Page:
Photo: Brock Johnston/Iowa Soybean Association

The average price to ship a 40-ft container ship has more than quadrupled over the past year, according to a recent global pricing index by Drewery Shipping Consultants, Ltd. (Photo: Brock Johnston/Iowa Soybean Association)

Cargo Preference Hinders Iowa Farmers’ Ability to Reduce Food Insecurity

May 20, 2022 | Brock Johnston

Invoking cargo preference waiver would accelerate delivery of food and lower transportation costs

Ankeny, Iowa – Legislative action seeking to waive preference requirements on food assistance to Ukraine would expedite delivery of U.S. food aid exports, including Iowa-grown soybeans.

Cargo Preference for Food Aid (CPFA) requirements compel 50% of Title II food aid shipments (by tonnage) to be carried on U.S. flagged vessels. Sens. Joni Ernst (R-Iowa) and Chris Coons (D-Delaware) introduced a Concurrent Resolution May 3 seeking to waive preference requirements on food assistance. If agreed to in both chambers of Congress, the waiver would expire February 2025, three years after Russia’s invasion of Ukraine.

“With a record soybean harvest in 2021, growers continue to play a leading role in addressing food insecurity by providing a reliable source of high-quality protein, ” said Iowa Soybean Association (ISA) President Robb Ewoldt, a soybean farmer near Davenport. “Ensuring our homegrown soybeans reach the people who need them in an efficient, cost-effective way must be a priority.”

Cargo preference has long been criticized for inflating shipping costs far beyond the value of food commodities onboard vessels. Recently, the U.S. Department of Agriculture (USDA) said it would need to spend $388 million to transport and distribute $282 million worth of U.S. commodities, including soybeans, to Yemen and five African countries. A report released by the American Enterprise Institute (AEI) found CPFA requirements increased food aid shipping costs by an average of $52.6 million per fiscal year between 2013 and 2018.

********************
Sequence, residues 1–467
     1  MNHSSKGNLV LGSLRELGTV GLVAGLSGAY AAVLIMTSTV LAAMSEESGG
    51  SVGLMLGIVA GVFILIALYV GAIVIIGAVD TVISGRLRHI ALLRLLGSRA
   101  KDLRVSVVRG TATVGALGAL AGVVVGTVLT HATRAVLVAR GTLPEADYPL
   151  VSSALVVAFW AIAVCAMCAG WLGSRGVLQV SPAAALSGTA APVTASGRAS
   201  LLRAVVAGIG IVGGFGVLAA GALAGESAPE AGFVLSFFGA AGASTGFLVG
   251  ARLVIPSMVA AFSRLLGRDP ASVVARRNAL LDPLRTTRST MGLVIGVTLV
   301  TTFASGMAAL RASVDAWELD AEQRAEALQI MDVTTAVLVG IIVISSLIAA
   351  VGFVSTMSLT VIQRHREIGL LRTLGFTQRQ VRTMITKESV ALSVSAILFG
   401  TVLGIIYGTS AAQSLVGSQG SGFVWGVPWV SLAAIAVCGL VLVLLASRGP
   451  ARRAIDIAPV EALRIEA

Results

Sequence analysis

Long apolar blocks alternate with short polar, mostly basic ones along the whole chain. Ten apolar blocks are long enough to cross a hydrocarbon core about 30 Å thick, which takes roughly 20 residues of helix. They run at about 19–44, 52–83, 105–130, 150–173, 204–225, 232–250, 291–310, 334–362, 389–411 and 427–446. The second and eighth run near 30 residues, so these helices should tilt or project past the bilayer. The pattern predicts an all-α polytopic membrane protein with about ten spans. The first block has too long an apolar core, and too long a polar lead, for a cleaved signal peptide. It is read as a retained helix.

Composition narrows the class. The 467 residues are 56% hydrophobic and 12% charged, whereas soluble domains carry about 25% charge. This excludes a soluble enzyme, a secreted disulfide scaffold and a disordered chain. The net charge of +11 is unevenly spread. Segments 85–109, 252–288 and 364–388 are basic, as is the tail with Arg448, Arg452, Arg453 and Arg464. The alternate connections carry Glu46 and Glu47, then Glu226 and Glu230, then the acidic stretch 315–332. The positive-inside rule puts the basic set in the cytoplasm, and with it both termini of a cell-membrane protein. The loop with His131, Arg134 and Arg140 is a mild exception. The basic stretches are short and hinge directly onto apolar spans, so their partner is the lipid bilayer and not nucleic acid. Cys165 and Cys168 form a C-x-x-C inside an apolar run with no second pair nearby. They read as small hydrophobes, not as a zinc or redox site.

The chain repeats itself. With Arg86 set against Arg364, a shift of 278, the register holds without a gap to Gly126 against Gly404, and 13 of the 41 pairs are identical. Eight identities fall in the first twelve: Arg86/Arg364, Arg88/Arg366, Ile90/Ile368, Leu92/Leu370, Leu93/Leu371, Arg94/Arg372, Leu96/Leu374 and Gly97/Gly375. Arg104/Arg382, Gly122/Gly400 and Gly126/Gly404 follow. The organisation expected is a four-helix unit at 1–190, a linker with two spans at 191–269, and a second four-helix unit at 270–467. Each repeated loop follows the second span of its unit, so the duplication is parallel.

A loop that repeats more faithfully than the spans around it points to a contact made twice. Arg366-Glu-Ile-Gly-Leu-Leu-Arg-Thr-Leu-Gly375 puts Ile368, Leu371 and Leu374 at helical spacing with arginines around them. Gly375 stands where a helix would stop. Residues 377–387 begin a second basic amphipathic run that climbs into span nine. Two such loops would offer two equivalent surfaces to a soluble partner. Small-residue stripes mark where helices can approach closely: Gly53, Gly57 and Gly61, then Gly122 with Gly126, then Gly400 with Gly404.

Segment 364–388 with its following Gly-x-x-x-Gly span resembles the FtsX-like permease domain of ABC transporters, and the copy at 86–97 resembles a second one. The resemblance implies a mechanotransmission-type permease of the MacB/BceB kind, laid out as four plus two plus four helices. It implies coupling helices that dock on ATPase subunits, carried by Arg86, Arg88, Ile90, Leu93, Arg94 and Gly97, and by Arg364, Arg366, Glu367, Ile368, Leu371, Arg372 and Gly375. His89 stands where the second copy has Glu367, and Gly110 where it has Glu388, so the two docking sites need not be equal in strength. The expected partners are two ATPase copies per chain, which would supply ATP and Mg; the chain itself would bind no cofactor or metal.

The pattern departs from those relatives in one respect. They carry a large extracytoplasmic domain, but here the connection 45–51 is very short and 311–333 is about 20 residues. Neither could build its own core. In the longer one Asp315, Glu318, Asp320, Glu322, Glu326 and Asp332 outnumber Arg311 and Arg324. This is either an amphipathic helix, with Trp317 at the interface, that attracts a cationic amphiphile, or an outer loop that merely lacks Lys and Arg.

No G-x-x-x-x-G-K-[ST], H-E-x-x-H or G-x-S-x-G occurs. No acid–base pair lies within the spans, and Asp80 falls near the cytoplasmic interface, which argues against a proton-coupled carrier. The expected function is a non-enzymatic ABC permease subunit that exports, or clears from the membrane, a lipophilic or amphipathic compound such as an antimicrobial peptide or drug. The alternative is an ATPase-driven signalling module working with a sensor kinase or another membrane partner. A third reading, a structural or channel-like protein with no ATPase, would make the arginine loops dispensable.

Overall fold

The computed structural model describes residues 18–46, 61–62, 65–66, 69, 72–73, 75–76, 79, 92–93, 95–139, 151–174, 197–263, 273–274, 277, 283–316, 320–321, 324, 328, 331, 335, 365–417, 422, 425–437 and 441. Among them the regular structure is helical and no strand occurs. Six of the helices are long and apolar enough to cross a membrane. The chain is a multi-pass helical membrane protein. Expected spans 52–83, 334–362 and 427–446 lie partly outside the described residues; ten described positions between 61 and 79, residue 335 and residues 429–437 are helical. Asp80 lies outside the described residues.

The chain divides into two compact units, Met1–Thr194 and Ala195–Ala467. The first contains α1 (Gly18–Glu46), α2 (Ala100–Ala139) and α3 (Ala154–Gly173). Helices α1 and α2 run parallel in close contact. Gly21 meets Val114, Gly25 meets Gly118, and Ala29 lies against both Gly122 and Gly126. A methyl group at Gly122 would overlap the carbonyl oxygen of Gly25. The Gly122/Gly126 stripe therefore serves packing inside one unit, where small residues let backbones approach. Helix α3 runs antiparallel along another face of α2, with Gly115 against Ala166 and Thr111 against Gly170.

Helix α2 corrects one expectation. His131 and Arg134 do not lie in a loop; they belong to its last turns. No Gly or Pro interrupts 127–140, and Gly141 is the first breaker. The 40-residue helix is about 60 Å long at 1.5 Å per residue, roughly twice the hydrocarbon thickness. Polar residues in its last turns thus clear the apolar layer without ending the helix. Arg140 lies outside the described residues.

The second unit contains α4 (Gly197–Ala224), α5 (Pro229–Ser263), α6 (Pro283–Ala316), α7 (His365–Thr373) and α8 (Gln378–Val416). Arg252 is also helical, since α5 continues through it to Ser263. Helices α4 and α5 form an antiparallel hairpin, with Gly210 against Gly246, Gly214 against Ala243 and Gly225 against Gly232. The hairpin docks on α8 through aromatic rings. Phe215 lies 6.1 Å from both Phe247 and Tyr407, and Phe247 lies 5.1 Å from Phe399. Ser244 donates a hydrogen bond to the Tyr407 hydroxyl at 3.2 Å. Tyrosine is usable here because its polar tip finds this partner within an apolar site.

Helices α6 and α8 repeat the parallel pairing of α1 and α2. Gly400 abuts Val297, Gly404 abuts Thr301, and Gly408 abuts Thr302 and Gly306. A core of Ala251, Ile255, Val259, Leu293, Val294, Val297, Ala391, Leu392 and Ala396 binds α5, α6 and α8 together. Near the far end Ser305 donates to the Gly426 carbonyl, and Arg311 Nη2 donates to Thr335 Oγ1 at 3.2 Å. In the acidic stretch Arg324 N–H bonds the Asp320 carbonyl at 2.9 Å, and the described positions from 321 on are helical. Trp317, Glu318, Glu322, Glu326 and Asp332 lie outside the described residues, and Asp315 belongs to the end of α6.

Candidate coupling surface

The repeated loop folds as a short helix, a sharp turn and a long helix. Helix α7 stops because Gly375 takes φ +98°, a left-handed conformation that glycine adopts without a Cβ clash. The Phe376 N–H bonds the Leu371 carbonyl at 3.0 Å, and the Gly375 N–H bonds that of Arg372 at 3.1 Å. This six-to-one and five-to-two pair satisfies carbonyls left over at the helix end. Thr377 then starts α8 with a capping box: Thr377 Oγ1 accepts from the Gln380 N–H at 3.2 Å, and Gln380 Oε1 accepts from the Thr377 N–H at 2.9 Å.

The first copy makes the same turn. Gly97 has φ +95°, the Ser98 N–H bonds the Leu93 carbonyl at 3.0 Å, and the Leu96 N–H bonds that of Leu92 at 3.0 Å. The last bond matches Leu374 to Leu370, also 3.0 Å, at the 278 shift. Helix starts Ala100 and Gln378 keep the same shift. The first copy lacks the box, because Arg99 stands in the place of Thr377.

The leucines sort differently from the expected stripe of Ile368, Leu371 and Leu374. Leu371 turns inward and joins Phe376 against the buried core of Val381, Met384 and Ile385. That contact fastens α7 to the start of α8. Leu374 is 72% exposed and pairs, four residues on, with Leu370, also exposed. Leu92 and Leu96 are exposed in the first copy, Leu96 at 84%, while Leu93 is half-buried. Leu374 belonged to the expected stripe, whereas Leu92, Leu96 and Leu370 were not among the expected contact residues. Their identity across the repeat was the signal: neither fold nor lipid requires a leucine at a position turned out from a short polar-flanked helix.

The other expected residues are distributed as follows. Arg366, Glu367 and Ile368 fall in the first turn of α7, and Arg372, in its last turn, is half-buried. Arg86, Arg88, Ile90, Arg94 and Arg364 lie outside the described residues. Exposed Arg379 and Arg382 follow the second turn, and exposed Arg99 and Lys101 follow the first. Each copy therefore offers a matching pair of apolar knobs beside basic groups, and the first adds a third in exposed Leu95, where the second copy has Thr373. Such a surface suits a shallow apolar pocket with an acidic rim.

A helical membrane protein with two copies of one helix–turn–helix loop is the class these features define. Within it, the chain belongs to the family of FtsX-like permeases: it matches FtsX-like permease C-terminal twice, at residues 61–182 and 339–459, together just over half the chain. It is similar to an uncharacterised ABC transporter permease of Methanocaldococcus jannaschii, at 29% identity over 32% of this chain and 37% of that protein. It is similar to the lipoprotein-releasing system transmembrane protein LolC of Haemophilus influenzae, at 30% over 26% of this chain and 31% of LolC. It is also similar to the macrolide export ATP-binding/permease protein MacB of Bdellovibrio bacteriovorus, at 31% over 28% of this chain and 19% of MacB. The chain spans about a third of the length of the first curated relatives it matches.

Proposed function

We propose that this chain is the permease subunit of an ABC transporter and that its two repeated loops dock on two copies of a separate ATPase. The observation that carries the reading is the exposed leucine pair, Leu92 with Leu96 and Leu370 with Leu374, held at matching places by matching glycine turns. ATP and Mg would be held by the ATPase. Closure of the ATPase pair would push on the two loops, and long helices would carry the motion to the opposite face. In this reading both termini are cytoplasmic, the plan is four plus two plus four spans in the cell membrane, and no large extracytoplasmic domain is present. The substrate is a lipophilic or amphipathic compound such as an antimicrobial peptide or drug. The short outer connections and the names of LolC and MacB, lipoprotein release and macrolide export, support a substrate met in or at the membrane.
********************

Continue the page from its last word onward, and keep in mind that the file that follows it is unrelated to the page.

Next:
ISA, alongside many state and national commodity organizations, opposes cargo preference requirements which jeopardize U.S. agricultural exports to food insecure regions of the world.

“We thank Sen. Ernst for her leadership in bringing this issue before the U.S. Senate, as well as the bipartisan coalition of lawmakers seeking to move this waiver forward,” said Ewoldt. “Iowa soybean farmers look forward to the waivers’ swift implementation through this Concurrent Resolution.”


Not funded by the soybean checkoff

The Iowa Soybean Association ( is “Driven To Deliver” increased soybean demand through market development and new uses, farmer-focused research and results, timely information and know-how and policy initiatives enabling farmers and the industry to flourish. Founded in 1964 by farmers to serve farmers, ISA is governed by a board of 22 farmers to advocate on behalf of the state’s 40,000 soybean producers, including more than 15,000 ISA farmer members and industry stakeholders.